I read the article in the link below during the holiday break and since then it keeps popping up in my thoughts. I keep going back to comparisons between it and some of the groups and people I’ve worked with. I’d like to share an example and the article with you.
Years ago I had a manager who could get our entire team to do most anything and she did it with a smaller budget than you would believe. We’d walk into meetings with her prepared to say no to working late or taking on another task. Somehow we’d always walk out excited and ready to work late on that new task. The entire team joked and came up with theories about how she could do that to us all but none of us said it as clearly as this article does. In retrospect what it really came down to was this. She made us all masters of our specific areas with membership into a group where we were frequently shown how accomplishing projects benefited the entire company. The managerial techniques discussed in the article below combined with a few others that we will discuss in later blogs motivate us to continuously improve ourselves and work harder than we thought we could.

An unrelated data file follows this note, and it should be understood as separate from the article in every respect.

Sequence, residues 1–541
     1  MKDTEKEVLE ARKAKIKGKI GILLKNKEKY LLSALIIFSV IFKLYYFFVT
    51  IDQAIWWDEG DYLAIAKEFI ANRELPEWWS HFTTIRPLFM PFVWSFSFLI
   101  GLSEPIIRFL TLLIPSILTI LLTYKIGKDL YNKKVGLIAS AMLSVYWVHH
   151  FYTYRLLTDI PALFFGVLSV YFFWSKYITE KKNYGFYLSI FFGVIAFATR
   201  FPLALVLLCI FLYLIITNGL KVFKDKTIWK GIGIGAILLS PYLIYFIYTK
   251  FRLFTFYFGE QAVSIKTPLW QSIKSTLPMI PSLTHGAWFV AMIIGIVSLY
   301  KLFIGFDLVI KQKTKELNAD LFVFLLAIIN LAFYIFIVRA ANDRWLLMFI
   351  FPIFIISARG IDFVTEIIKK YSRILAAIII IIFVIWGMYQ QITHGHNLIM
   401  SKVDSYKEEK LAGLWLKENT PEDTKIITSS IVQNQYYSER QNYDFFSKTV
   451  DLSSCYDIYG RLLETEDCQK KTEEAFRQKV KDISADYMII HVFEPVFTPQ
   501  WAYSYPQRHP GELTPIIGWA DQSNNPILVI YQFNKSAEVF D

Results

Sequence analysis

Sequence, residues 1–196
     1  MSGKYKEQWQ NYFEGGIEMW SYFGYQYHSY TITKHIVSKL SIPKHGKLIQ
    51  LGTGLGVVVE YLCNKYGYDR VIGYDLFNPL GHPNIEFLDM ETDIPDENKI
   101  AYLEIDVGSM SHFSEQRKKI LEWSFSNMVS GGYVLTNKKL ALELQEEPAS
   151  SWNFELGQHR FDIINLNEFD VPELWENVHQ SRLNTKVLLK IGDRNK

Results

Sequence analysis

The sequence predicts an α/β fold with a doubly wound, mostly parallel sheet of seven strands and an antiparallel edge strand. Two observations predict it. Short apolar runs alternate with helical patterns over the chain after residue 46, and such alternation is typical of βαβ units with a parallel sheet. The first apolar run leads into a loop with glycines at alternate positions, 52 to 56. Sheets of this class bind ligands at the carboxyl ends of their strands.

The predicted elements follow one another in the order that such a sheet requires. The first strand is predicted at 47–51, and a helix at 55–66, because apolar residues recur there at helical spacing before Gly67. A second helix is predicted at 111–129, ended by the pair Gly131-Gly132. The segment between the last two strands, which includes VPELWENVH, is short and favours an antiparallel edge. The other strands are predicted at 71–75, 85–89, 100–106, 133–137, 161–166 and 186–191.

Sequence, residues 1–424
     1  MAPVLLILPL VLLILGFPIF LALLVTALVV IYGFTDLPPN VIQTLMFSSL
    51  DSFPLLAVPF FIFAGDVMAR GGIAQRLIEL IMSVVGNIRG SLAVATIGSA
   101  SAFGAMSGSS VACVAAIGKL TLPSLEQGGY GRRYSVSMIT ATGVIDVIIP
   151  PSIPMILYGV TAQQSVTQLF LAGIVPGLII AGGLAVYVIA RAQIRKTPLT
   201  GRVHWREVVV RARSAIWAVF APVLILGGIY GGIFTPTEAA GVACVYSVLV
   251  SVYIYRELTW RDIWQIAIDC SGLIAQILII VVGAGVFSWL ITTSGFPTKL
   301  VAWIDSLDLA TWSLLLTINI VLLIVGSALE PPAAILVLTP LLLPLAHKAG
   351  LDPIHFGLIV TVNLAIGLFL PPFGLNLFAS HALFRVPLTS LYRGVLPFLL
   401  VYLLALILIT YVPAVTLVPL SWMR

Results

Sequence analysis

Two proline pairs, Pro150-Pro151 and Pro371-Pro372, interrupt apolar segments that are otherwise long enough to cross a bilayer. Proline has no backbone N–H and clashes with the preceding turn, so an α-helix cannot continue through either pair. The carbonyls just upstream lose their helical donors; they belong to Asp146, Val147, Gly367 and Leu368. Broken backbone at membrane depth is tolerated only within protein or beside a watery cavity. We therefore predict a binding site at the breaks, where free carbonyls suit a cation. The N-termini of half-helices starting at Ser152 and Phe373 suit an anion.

She did this by forming us into a new team for each major project. When the new project came down from above she would bring us together and encourage us to take part in the development of the action plan. By giving us all ownership over our mastery areas it encouraged us to speak up and volunteer when we saw a task that was in our area. If no one spoke up she assigned the task. The separate pieces of the project were usually inside of our mastery area and yet were usually challenging enough to keep us interested. There were many times when we would be assigned pieces that we felt were over our heads but just knowing that she had confidence that we could accomplish our piece reassured and motivated us. We also all knew that if we did have difficulty all we had to do was ask for help and if she couldn’t do it herself she would get us the support we needed. During the late nights and travel that these projects demanded we developed a camaraderie that you normally don’t see in an office environment. After quarterly meetings she would bring us back together and point out how our projects had impacted the companies mission.